Study: Centralized Administration Makes Sarbox Easier

The study found that Sarbanes-Oxley is easier for companies with "shared-service" organizations for functions such as accounting, payroll, and human resources.

Steven Marlin, Contributor

July 20, 2005

2 Min Read

Companies with centralized administrative functions have had a significantly easier time in complying with the Sarbanes-Oxley Act, according to a study released Wednesday by Deloitte Consulting.

The study found that Sarbox is easier for companies with "shared-service" organizations for functions such as accounting, payroll, and human resources.

More than 82% of respondents said shared services simplified Sarbox compliance, and 45% said shared-services organizations played the lead role in their compliance effort.

Companies with shared-services organizations are well-positioned to undertake the laborious compliance process for Sarbanes-Oxley's section 404, which requires documenting and testing internal financial-reporting controls. "We're seeing an uptick in the number of companies implementing shared services, and Sarbanes-Oxley is one of the main drivers," says Susan Hogan, principal and leader of Deloitte's shared-services practice.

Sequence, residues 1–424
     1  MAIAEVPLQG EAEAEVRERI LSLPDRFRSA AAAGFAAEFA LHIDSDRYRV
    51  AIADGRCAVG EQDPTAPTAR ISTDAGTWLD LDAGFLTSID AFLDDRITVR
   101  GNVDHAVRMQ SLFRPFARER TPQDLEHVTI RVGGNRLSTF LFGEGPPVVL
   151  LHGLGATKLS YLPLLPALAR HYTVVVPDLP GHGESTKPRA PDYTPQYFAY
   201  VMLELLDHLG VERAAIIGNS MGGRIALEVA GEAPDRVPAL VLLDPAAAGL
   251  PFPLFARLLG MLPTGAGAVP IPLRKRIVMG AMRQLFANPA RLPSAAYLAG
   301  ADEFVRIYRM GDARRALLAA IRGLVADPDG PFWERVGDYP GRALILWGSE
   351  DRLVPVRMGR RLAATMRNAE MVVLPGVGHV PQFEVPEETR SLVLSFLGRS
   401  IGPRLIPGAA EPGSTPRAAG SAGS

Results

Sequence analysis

Last year, Sarbanes-Oxley compliance spending totaled $5.5 billion, according to AMR Research, and is projected to rise to $6.1 billion in 2005 as companies add to or improve on their initial compliance efforts.

Shared-services organizations facilitate Sarbox compliance by concentrating financial processes in fewer locations, Hogan says. One Deloitte client had its accounting functions spread out over 300 locations, she says. "It's hard to keep track of controls when you have 300 locations."

Shared services also makes it easier to justify investments in labor-saving technology such as imaging and workflow software that's needed to test and document controls.

Still, moving to a shared-services environment poses a formidable consolidation challenge for large, diversified companies with multiple enterprise-resource-planning systems. As an alternative to standardizing on a single system, companies are adopting Web-based middleware to bridge these multiple systems, the Deloitte study says.

Deloitte surveyed shared-services executives in 115 companies around the world. About half of the companies had annual revenue of $5 billion or more, and 25% had annual revenue of more than $15 billion. Two-thirds of the shared-services organizations had been in place for at least two years.

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